One of the most important resources in nonprofit organizations is the staff. They form relationships with the people they serve. They build relationships in the community to find the resources clients need. Without them, the nonprofit programs and services which affect millions of lives would fall silent. While we are advocates of writing grants which describe how the target population is involved in the program, this does not mean that organizations should stop describing the strengths of their staff. Here are four ways to highlight the quality and importance of your staff in your next grant:

Institute of Museum and Library Services Last week, we featured the annual Institute of Museum and Library Services (IMLS) Museums for America funding opportunity, which supports project-based initiatives for museums of all sizes and disciplines. This week, we’re taking a closer look at an IMLS program that specifically supports capacity-building efforts of African American museums and/or archival collections at Historically Black Colleges and Universities (HBCUs). The Museum Grants for African American History and Culture (AAHC) program provides funding for eligible museums to increase workforce capacity, provide staff with professional development opportunities, and improve access to collections through a variety of eligible activities.

Institute of Museum and Library Services Last month, we shared information about an annual Institute of Museum and Library Services (IMLS) opportunity focused on capacity building for museums. This month, we’re looking at some additional open solicitations from IMLS that are closing later this fall. The Museums for America (MFA) program is one such opportunity. MFA provides funding for mission-aligned, project-based efforts for museums of all sizes and disciplines. These projects can vary in type, focus, reach, or scale of societal impact, but they should – in broad terms – advance knowledge and understanding and ensure that the IMLS grant funding benefits society.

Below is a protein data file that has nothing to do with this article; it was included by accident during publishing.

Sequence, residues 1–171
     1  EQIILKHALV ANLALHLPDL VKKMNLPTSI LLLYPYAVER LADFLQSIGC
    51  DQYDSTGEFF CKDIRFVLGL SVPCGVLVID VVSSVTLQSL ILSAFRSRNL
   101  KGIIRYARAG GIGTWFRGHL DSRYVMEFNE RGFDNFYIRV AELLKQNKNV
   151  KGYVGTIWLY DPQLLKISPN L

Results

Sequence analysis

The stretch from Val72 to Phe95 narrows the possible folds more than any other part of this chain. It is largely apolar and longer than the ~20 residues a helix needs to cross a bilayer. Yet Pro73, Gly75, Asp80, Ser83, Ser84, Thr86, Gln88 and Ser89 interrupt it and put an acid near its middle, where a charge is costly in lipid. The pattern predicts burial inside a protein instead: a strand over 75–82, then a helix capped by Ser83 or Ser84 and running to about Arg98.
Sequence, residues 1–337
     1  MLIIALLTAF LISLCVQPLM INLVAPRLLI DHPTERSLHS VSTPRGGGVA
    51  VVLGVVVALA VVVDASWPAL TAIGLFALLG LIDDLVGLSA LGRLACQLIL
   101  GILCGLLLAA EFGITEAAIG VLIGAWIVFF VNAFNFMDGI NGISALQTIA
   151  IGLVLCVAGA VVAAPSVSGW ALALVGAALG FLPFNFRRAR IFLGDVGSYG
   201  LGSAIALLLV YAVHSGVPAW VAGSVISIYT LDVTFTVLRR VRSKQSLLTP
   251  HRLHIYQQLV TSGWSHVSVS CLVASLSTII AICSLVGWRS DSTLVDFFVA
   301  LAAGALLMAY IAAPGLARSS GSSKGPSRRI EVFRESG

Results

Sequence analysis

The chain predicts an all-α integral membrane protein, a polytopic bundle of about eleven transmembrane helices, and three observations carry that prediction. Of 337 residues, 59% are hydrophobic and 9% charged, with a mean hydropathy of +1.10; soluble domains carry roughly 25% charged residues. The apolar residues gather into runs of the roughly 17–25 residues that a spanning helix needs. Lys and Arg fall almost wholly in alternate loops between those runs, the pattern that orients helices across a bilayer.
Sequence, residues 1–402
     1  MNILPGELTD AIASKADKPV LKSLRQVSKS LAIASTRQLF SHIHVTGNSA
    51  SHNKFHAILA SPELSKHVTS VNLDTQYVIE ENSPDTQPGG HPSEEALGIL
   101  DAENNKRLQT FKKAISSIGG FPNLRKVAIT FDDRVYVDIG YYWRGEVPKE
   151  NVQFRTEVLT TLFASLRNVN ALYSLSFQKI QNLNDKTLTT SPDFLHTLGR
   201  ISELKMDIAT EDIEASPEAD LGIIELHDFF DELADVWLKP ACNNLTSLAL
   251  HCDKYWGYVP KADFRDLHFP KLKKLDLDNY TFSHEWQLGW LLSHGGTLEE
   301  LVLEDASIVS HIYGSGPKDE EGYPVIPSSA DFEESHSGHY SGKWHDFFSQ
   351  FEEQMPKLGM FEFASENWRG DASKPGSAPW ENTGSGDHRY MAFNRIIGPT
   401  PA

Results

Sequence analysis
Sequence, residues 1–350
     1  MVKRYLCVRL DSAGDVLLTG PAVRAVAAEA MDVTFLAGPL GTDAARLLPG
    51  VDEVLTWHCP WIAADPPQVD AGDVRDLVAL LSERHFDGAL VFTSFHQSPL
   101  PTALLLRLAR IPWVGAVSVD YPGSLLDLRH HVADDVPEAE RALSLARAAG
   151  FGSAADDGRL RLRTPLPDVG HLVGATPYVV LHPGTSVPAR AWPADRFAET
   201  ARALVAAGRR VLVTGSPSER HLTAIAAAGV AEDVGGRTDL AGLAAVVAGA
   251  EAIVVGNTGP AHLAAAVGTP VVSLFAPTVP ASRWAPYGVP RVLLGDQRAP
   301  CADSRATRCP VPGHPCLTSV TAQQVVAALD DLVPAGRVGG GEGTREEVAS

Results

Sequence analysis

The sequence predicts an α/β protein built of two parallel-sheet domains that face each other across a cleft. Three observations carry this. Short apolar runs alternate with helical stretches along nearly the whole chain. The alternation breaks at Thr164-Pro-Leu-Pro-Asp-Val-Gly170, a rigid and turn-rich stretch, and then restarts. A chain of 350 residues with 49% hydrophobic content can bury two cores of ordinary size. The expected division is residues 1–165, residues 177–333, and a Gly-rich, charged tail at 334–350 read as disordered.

Substance Abuse and Mental Health Services Administration Does your organization work to improve access to and quality of mental and behavioral health services? The Substance Abuse and Mental Health Services Administration (SAMHSA) has several funding opportunities opening in the coming months that will support efforts to expand workforce capacity to address community-based behavioral health needs, or efforts that focus on serving infant/early childhood mental health or children with serious emotional disturbances (SED).

Are you laboring too much over grants? Grants are great to have, and they’re often crucial to an organization’s mission, but there are only so many hours in the day to apply for and manage those grants. Grant professionals are susceptible to burn out from the heavy responsibility and high-pressure, deadline-driven work, which continues day in and day out in our profession. Grant applications and management can even get in the way of your organization’s mission. I was recently on a call with a client who was looking for help managing their grant portfolio. When I asked why they were seeking support, the client shared a striking comment: “We are so busy trying to get the money that we struggle to actually carry out the work.” I understood completely because I’ve seen this state of affairs before.